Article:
Washington___________________________________ _______________
Richmond, Roanoke, Durham,2 Greensboro,2 and Winston-Salem 2.
Norfolk-Portsmouth-Newport News____________________________
Atlanta, Augusta,2 Macon,2 Asheville,2 and Charlotte 3....................
Savannah___________________________________ _________________
Charleston 2 and Columbia 3
______________________________ _____
Jacksonville, Tampa-St. Petersburg, and Miami_________ ________
T o ta l...-....... ..................... ................................................................

Costs of
Food costs other groups
for cities to for cities to
obtain food obtain other
group in­
index for
dexes for
United
United
States
States
P ercen t

P ercen t

10.1
.1
.1
4.4

.1
1.8
2.6
12.8
1.9

14.7

7.6
1.2
4.6

7.6
1.2
4.6

42.8

42.8

1.8

.9
.5
1. 1
•2 \

1.8
1.1
.9
.6
1. 1
.

6.6

6.6

1
.1

See footnotes at end o f table.
® It would have been desirable to use population weights representing an average of the 1930 and 1940
figures, but complete 1940 data were not available when the new index was calculated.

409778°— 41-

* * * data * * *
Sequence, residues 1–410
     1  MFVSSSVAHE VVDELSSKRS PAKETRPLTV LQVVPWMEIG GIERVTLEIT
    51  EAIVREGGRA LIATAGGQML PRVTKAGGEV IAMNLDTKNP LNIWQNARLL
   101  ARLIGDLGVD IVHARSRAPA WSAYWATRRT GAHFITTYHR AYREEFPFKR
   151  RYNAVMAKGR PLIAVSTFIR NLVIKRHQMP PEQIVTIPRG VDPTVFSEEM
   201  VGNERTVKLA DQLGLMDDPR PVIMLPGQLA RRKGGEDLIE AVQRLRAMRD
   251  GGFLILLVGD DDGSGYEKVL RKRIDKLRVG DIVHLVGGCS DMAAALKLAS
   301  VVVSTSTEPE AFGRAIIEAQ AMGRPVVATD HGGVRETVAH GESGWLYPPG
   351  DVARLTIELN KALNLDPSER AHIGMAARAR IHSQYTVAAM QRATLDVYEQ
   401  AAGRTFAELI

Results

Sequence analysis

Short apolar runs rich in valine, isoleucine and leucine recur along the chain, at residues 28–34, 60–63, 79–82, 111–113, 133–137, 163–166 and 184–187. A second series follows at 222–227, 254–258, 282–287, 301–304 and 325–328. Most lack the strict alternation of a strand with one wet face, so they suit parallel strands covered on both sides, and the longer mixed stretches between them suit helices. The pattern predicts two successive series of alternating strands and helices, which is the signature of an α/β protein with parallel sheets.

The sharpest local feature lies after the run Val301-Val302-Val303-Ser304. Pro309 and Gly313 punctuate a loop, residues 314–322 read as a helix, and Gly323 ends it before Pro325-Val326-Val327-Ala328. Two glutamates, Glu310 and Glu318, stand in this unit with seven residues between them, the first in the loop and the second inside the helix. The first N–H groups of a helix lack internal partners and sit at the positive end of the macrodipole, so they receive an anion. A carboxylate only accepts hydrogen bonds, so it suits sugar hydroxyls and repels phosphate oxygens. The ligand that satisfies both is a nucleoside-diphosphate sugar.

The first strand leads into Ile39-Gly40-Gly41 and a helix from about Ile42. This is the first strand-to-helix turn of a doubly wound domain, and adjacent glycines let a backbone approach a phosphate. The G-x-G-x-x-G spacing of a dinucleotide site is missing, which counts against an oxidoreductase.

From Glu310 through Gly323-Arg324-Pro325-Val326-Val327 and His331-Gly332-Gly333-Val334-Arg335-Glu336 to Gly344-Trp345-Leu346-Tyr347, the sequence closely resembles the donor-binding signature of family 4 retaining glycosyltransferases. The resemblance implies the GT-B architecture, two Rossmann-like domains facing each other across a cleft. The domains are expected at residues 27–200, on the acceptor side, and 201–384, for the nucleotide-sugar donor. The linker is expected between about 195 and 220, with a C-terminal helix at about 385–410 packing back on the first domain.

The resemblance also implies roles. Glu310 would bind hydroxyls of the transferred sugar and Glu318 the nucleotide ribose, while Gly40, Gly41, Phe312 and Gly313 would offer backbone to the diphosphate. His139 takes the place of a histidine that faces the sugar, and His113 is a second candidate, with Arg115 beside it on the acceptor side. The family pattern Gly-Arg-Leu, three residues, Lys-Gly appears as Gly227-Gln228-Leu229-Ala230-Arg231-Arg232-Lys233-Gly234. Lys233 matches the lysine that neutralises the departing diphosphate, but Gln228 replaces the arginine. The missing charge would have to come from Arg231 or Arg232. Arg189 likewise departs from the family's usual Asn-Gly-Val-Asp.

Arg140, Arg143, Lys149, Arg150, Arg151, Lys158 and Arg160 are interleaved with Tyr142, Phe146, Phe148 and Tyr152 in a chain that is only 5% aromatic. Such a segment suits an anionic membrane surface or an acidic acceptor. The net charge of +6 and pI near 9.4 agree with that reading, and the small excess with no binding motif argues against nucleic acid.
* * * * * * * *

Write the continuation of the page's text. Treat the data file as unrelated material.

4

39

40

CHANGES IN COST OF LIVING IN LARGE CITIES,

1913-41

T a b l e X I I I . — P o p u la tio n weights u sed fo r com b in in g costs o f goods purchased b y
wage earners and low er-salaried w orkers in given cities in to com p o site in dexes fo r
the U n ited States — Continued

Weights for combining—

Metropolitan district

North Central:
Chicago, South Bend, and Rockford............. ...................................................
Milwaukee, Racine-Kenosha, and Madison 2................_..................................
Indianapolis, Fort Wayne, and Terre Haute2............................................... . .
Peoria, Davenport,4 and Cedar Rapids2.............................................. ............
Springfield, 111.,5 and Decatur2------------------------------ ------------------ -----------Cincinnati, Hamilton,2 and Huntington-Ashland........................................... .
Louisville and Evansville_______________________ ________________ ______
Columbus, Dayton, and Springfield, Ohio2______________________________
Detroit, Jackson,2 Kalamazoo,2 Toledo, Grand Rapids, Flint, Lansing,2and
Saginaw 2___________________________________________________________
Cleveland, Akron, Canton, and Youngstown____________________________
St. Louis and Springfield, Mo.2
_________________________________________
Kansas City, Kans.-Kansas City, Mo., Topeka,2 St. Joseph,2 and Wichita __